What do the numbers say?
First, let's dig in deep to find out whether there actually is any statistically significant phenomenon of Sell in May and go away
Numerous respected studies show the following:
- The effect is centuries old (source)
- unlike many other effects, this anomaly did not cease to exist after its discovery by investors. Media bombard us every year and yet, statistically, the effect prevails, as the new study from 2012 proves.
- Analyzed on the time series of the last more than four decades (1970-2012), the average positive difference in the S&P 500 (SPY) equity returns held in Nov-Apr period compared to equities held in May-Oct period is 6.46% for the US equities. In detail, the returns in the May-Oct period are -0.39%, whereas the returns in the Nov-Apr holding period are +6.07%.
- The Sell in May phenomenon is not exclusive to the US at all. Actually, the average effect across 37 countries studies is 10%. Russia is the champion with over 20% seasonal difference.
- Unlike in case of most other market anomalies, the trading strategies based on the Sell in May phenomenon don't require too much trading. Transaction costs are extremely low as a result.
- The most salient fact, which I will emphasize again, and which sets the Sell in May seasonality effect apart from, and above, the other seasonality effects, is that it still lasts even after it has been discovered by investors. The positive US Sell in may effect has actually increased a little bit in the last 24 years as compared with the previous 18-year period. However, the rise is insignificant. 6.86% now versus 6.24% previously. Forbes late last year ran an article confirming the effect is still valid.
An important point on the above results should be mentioned. The numbers are just the average results. They don't mean to state that this year specifically, this strategy of Sell in May will generate 6% higher return than the buy-and-hold strategy. It merely says, that if you perform this strategy over many years, on average, you are likely to achieve these positive 6% above normal buy-and-hold returns of the SPY. Provided that this seasonality effect does not disappear of course.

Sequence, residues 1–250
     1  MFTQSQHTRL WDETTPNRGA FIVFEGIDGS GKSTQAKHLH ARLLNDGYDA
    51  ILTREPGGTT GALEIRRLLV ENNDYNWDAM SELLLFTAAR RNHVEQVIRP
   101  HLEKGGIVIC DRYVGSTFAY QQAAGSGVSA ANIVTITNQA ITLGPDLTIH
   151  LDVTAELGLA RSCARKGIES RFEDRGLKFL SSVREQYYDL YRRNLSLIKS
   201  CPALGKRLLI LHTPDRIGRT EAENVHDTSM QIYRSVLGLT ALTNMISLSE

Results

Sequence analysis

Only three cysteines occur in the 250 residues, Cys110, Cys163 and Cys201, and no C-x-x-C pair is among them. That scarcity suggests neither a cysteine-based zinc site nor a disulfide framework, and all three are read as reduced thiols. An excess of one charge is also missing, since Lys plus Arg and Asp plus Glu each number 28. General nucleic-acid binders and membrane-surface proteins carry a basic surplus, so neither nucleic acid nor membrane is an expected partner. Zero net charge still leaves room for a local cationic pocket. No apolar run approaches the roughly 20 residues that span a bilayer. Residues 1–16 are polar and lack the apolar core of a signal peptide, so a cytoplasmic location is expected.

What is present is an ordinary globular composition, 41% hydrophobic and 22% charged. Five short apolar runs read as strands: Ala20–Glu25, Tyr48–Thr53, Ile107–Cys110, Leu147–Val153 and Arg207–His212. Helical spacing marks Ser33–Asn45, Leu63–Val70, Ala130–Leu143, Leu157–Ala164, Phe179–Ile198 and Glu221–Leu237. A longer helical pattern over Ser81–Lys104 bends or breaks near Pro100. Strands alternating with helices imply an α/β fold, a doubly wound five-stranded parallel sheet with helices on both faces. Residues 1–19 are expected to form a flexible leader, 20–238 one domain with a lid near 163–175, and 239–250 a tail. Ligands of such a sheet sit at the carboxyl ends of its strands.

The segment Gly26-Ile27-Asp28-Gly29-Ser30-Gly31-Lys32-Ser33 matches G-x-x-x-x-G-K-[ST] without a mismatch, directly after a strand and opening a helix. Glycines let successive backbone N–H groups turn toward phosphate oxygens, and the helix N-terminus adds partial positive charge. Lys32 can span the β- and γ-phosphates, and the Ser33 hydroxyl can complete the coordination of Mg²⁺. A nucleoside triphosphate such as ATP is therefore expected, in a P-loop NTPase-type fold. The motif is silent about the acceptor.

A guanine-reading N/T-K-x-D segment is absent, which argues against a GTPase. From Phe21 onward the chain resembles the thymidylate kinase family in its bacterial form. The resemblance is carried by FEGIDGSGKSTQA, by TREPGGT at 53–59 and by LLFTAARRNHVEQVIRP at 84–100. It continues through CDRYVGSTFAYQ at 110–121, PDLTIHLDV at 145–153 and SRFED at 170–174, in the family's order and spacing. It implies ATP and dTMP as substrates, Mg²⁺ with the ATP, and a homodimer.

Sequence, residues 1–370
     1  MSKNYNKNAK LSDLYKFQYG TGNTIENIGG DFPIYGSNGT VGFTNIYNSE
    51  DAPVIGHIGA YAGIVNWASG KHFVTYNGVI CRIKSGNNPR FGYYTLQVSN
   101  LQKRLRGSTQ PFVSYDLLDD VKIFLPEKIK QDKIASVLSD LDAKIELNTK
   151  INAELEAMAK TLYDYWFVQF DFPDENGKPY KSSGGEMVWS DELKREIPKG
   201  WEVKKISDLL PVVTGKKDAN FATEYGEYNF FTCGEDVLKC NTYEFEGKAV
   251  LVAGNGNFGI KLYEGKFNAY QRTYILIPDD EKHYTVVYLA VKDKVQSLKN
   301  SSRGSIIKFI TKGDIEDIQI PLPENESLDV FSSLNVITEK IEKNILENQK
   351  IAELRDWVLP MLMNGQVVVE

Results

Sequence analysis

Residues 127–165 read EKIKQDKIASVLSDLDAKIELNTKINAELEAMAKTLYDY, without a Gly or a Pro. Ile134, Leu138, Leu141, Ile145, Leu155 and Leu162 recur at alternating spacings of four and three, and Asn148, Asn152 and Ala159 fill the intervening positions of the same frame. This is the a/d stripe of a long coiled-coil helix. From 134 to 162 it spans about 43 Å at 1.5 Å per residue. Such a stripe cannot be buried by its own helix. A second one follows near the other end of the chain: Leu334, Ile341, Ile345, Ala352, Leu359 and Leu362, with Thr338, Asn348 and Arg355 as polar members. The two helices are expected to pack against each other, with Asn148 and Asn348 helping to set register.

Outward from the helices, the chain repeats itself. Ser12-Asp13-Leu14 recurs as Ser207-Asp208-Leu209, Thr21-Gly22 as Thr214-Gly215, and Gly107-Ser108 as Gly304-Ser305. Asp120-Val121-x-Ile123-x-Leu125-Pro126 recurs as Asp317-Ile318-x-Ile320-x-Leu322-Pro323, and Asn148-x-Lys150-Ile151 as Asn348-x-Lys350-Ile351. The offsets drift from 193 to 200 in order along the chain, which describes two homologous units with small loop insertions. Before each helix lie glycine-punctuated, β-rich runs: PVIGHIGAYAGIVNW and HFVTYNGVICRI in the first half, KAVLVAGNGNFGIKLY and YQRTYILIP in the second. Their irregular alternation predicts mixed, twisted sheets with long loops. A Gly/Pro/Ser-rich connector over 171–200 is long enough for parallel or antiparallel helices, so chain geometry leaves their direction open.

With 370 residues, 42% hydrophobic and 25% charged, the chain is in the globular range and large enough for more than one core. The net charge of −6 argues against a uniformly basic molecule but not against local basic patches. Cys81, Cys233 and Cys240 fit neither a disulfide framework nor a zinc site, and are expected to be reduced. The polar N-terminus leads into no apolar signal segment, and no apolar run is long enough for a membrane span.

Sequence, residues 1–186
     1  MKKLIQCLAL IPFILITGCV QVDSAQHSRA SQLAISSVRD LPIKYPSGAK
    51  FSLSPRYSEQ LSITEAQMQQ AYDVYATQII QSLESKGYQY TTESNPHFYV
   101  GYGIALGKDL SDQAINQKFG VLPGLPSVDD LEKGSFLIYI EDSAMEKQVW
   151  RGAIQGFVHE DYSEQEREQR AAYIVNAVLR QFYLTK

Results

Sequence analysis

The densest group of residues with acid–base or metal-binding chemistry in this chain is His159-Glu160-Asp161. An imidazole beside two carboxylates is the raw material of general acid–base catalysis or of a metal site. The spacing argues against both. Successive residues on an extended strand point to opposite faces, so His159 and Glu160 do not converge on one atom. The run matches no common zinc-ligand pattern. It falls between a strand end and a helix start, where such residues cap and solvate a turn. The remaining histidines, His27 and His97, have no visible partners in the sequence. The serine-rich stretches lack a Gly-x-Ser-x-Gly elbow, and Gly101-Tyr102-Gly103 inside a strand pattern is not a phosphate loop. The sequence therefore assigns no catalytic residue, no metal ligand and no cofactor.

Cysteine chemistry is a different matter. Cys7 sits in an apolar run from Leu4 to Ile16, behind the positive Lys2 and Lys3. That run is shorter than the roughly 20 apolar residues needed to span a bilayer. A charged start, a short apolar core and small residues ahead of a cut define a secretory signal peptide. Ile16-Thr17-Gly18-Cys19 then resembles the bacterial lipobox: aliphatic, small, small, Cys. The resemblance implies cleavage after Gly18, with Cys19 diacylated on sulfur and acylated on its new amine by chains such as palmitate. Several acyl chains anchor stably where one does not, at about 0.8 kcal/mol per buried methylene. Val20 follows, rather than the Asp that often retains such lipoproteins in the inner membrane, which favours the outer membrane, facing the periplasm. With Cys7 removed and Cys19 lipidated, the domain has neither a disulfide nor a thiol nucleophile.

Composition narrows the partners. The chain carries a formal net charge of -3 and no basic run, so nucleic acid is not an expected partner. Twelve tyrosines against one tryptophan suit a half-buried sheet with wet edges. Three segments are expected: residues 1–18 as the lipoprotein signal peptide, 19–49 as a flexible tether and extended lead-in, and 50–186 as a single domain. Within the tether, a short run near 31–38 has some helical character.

Another point to note is that the analysis apparently does not include the dividends. It just includes the values of the market indexes. This will not change the result of the strategy in terms of the excess 6% difference in return in the two holding periods. However, including the dividends will increase the total average returns in both of the periods. For the May-Oct period this will mean moving from negative -0.39 to a positive 1% (I estimate the dividend yield of 2.39% p.a. just for the simplicity, so please take the 1% with a grain of salt. I also presume here that, on average, exactly half of the dividend amount will be distributed during each half of the year. Please remember that the 1% return is a value for just the six month period. This actually represents a return of 2% p.a.).
The implication of including the dividends, and even perhaps dividend reinvestment, into the analysis, is particularly powerful and revealing for the long-term, passive, value and dividend investors; they will still achieve positive returns if they hold during the May-Oct less favorable season.
The conclusion for the long-term investors with value and dividends in mind is that selling entire equity positions in May-Oct period and staying in cash, let alone going short equities, makes no sense if the only reason should be the Sell in May effect.
Nevertheless, smart investors should still take advantage of the apparent statistically significant Sell in May effect by different means. Let me go through them now in detail and offer some specific options for concrete actions to take in the upcoming six months.
How long-term investors can profit from the Sell in May effect?
1. Portfolio rebalancing
If you plan to rebalance long positions in the next six months like I recommend in my article about retirement portfolio, use this opportunity now in the first half of April to do that part of long-term portfolio rebalancing which involves selling any long positions in the equity markets, such the S&P 500 or DJI (DIA). Selling in the first weeks of April not only gives you the benefits of the Sell in May effect. You will also be selling into the seasonally strong weeks in the beginning of the upcoming earnings season.